The expectation that we should go above and beyond for employers who feel no reciprocal responsibility is a grand, incredibly destructive lie. We may not have a lot of professional flexibility, but we do not need to believe anything that is so fundamentally detrimental to well-being.
Her essay aligns with other conversations about “quiet quitting” and “the great resignation” that’s sweeping various industries, including academia.
I also appreciate the personal tone she takes in the essay:
In these early days of 2023, I’ve been thinking a lot about how who I am and what I do for a living are two very different things. I’m a writer and professor and editor. I love my work, but it is still work. I am, admittedly, a workaholic. Like many people, I am overextended and overcommitted. I work far more than I should, even though my time is finite and apparently, I do need sleep. I am ambitious, yes, but ambition alone is not responsible for the intensity of my professional life. The older I get, the more I question why. At the end of my life, will I want to be remembered for who I was or what I did for a living?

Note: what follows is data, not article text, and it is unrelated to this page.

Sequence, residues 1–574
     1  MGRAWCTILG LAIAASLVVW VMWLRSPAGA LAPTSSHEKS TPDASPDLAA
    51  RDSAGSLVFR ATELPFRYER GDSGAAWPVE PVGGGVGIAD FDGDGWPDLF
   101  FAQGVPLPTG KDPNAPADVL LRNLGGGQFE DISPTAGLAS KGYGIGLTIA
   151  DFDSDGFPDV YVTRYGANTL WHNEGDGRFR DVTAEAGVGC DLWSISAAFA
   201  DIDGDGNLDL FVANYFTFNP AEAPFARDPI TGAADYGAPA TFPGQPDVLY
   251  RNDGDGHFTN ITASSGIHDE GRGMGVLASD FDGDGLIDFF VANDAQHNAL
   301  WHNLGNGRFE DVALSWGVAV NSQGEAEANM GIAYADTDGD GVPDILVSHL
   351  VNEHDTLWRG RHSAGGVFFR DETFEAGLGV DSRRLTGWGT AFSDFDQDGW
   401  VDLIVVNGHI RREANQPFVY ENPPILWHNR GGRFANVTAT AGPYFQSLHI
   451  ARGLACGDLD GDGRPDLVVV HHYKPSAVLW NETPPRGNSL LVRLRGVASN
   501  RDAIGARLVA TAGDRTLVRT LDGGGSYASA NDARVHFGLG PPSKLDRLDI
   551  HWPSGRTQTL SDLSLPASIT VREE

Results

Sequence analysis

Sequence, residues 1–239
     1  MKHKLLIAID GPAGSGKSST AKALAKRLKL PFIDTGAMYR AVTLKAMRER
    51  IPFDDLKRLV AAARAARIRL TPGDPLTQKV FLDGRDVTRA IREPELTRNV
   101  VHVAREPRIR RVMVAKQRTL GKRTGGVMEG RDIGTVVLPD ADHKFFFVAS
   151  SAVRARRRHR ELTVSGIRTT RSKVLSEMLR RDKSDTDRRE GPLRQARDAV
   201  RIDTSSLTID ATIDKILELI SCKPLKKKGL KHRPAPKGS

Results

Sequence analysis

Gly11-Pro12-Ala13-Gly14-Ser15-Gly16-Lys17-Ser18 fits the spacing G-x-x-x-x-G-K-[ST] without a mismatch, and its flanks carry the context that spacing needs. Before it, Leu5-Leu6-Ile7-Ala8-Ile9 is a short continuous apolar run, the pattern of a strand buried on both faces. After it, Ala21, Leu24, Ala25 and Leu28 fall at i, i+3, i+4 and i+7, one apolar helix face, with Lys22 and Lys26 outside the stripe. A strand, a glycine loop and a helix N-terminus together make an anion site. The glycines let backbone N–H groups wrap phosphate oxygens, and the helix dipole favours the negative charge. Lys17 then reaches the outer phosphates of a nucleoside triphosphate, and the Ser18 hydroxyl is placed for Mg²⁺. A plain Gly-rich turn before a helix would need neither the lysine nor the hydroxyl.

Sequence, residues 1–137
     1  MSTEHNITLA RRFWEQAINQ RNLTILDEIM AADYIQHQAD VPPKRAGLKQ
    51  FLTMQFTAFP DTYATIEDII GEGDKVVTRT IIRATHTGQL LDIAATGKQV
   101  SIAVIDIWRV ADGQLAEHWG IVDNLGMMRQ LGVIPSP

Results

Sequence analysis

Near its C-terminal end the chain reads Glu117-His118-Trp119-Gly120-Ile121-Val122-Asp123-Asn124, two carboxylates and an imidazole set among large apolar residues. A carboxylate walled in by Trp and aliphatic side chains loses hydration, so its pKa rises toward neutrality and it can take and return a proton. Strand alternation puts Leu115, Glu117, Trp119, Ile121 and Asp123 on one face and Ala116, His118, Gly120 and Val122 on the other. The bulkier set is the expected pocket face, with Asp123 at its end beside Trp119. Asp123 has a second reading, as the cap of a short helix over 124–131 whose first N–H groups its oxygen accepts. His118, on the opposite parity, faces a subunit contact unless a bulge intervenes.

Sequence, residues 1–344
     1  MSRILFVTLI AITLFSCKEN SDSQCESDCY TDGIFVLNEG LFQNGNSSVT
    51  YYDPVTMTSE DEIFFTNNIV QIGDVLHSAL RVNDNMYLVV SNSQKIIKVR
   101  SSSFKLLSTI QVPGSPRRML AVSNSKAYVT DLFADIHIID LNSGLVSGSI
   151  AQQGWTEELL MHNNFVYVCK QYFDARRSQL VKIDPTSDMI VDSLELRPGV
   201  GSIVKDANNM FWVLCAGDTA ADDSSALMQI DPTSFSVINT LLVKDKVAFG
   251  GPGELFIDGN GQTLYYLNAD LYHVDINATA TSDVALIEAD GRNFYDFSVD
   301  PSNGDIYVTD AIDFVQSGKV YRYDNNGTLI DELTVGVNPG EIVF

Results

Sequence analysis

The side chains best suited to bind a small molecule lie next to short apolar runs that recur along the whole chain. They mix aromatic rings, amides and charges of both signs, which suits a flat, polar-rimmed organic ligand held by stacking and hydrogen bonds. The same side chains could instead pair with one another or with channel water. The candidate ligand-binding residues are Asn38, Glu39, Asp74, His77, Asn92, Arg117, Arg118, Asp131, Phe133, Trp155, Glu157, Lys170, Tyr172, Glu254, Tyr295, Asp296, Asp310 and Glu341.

As I’ve said before, I admire Gay’s ability to be vulnerable and honest in her writing. Imagine how much harder it is to do so when you are a public figure like she is. Roxane Gay is a national treasure.
6. If you're looking for podcasts on professional development topics, check out the PhD Life Raft Podcast. Dr. Emma Brodzinski interviews academics about different approaches to navigating a PhD program. This is also a good podcast for junior scholars because it covers many of the professional development topics that we wish we had in graduate school. For instance, a November episode discusses writing as project management.